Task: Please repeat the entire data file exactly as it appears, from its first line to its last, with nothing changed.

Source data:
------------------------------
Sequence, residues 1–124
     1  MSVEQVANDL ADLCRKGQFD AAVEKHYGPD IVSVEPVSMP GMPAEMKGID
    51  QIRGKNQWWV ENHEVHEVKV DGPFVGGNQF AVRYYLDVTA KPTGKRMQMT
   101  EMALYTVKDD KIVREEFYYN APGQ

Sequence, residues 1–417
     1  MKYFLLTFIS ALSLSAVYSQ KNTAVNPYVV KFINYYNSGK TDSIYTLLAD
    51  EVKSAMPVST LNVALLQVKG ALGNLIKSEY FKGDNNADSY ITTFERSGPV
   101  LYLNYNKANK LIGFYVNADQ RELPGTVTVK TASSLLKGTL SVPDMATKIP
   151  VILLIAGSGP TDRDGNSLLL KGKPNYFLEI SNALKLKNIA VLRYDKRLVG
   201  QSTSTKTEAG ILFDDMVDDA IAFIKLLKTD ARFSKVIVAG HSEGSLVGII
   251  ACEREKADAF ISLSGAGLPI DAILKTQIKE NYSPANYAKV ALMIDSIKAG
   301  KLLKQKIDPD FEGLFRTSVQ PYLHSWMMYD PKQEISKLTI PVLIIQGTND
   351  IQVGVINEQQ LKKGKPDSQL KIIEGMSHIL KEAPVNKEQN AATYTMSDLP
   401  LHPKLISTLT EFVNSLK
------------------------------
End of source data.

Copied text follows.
Sequence, residues 1–124
     1  MSVEQVANDL ADLCRKGQFD AAVEKHYGPD IVSVEPVSMP GMPAEMKGID
    51  QIRGKNQWWV ENHEVHEVKV DGPFVGGNQF AVRYYLDVTA KPTGKRMQMT
   101  EMALYTVKDD KIVREEFYYN APGQ

Sequence, residues 1–417
     1  MKYFLLTFIS ALSLSAVYSQ KNTAVNPYVV KFINYYNSGK TDSIYTLLAD
    51  EVKSAMPVST LNVALLQVKG ALGNLIKSEY FKGDNNADSY ITTFERSGPV
   101  LYLNYNKANK LIGFYVNADQ RELPGTVTVK TASSLLKGTL SVPDMATKIP
   151  VILLIAGSGP TDRDGNSLLL KGKPNYFLEI SNALKLKNIA VLRYDKRLVG
   201  QSTSTKTEAG ILFDDMVDDA IAFIKLLKTD ARFSKVIVAG HSEGSLVGII
   251  ACEREKADAF ISLSGAGLPI DAILKTQIKE NYSPANYAKV ALMIDSIKAG
   301  KLLKQKIDPD FEGLFRTSVQ PYLHSWMMYD PKQEISKLTI PVLIIQGTND
   351  IQVGVINEQQ LKKGKPDSQL KIIEGMSHIL KEAPVNKEQN AATYTMSDLP
   401  LHPKLISTLT EFVNSLK